From Richard Valasek Aug 24, 2019
This is a long essay. No need to read if you have no concerns. Though it does include some thoughts on the nature of Ortho-Bionomy and my evolving approach to teaching.
This is in part a letter of apology and I begin by apologizing for such a lengthy letter. It is also a letter of explanation. It is too long. I cannot give it the time it needs to make it shorter. This is addressing some concerns that have found their way to me about an ad I put out for an Ortho-Bionomy residential in Australia. The dates are November 13-18, 2019. I mention this as some earlier version of ad had the wrong dates. They were correct at the time but later became wrong. Really the only ones who need to read further are those who were confused enough by it to express concern about it, but to someone else so I don’t know who or how many. Thus I send to all who got the original.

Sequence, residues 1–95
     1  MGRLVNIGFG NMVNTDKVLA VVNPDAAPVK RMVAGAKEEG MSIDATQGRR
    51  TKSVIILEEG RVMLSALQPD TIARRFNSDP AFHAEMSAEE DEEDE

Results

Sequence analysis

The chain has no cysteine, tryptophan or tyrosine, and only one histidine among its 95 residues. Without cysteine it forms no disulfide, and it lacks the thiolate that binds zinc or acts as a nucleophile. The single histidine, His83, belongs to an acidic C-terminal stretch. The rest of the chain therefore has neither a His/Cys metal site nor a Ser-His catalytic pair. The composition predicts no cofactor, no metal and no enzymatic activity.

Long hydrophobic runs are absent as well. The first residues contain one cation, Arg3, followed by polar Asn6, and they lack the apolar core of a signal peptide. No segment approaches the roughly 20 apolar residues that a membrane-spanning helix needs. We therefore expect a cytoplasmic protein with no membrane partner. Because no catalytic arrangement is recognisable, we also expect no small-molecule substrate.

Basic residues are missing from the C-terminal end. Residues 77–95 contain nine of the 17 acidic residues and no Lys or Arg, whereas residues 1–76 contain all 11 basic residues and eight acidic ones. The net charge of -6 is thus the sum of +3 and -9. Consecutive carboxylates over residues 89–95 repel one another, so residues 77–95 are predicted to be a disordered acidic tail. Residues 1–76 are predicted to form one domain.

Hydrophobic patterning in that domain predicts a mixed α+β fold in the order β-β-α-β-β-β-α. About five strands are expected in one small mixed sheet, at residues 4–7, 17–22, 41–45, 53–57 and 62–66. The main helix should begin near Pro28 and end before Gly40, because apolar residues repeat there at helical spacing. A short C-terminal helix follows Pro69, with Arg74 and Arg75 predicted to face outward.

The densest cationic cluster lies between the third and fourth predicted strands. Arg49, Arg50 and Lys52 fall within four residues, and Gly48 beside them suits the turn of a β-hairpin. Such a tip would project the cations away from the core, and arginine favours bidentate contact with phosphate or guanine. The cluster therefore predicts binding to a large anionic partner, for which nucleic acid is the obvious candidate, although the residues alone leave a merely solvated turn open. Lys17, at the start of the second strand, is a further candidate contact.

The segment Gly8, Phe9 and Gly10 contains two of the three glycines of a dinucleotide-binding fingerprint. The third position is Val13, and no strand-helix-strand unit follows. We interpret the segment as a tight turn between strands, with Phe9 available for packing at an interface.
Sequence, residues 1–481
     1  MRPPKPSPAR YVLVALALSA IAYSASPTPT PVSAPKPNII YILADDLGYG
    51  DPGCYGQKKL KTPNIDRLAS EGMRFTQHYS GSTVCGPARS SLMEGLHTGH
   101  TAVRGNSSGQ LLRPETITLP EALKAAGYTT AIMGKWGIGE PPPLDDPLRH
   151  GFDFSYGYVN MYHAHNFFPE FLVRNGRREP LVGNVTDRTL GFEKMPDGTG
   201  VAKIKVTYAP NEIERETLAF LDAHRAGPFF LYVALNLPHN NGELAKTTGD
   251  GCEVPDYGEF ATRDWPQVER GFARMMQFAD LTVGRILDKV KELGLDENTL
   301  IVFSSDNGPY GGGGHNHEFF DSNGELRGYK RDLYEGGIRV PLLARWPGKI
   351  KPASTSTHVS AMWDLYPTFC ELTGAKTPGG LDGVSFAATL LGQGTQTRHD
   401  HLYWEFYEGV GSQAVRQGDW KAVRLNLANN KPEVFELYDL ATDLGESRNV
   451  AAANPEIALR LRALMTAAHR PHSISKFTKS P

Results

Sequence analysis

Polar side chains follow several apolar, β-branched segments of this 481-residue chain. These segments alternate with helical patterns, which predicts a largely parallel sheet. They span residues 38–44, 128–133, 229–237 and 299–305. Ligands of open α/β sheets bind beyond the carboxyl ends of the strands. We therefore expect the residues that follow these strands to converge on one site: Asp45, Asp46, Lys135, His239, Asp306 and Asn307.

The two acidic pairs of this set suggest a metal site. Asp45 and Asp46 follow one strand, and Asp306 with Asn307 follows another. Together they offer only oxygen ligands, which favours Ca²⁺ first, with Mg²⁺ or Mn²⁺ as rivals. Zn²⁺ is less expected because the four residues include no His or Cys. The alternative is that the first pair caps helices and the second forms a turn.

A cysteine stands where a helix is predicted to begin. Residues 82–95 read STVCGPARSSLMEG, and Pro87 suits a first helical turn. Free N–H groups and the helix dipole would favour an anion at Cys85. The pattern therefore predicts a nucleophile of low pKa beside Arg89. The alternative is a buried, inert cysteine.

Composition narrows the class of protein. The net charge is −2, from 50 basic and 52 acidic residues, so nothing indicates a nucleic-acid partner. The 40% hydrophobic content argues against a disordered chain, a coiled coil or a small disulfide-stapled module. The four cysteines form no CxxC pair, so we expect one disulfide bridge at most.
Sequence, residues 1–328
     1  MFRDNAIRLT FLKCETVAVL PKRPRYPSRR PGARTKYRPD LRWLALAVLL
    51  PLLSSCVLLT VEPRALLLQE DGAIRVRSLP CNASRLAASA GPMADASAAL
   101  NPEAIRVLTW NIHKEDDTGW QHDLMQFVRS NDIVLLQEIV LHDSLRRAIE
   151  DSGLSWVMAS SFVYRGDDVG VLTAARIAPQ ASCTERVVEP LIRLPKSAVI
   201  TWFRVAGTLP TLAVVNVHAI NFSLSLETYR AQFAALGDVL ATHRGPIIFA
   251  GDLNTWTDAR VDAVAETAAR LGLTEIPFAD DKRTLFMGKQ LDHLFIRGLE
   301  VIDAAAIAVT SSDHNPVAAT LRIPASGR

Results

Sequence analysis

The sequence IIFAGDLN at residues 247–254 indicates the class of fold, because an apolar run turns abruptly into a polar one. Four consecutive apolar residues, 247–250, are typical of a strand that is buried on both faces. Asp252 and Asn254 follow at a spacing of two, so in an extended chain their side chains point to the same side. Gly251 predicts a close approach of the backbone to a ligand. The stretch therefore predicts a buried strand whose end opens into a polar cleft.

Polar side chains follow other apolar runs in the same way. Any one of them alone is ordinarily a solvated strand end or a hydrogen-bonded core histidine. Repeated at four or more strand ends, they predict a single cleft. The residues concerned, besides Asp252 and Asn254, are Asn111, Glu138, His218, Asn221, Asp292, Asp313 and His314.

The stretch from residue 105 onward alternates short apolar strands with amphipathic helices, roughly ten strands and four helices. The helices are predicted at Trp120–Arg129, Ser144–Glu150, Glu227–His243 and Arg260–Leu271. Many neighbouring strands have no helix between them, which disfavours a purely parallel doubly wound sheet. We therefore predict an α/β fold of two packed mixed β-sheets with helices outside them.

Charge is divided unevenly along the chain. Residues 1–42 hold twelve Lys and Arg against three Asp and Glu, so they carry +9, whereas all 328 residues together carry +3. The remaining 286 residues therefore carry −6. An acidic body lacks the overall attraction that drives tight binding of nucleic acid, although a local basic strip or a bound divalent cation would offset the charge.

I have been told, through two intermediaries, that there are some concerns within the Ortho-Bionomy community about the residential I am holding in November, in Australia. On one hand I am pleased that attention is being paid and on the other hand why do the questions need to be triangulated. I asked that question and was told that these people are afraid of me. Please tell me more, I implored. Afraid of my bigness, afraid of my intellect, afraid of being made to feel small is the impression I got. I seriously continue to ask, whose problem is this? For every single teacher there are some who are serious fans and some who are quite the contrary. If there are any who are universally loved I suspect that teacher is not to be trusted.
I give limited apology. I can say it probably was not my intention to intimidate but we all must learn to monitor impact rather than intention. Some parts of impact are simply what my body is: a large male body. That alone has an impact which relies on others’ individual experience and history (often of abuse). I cannot know those histories other than to say, that was not me.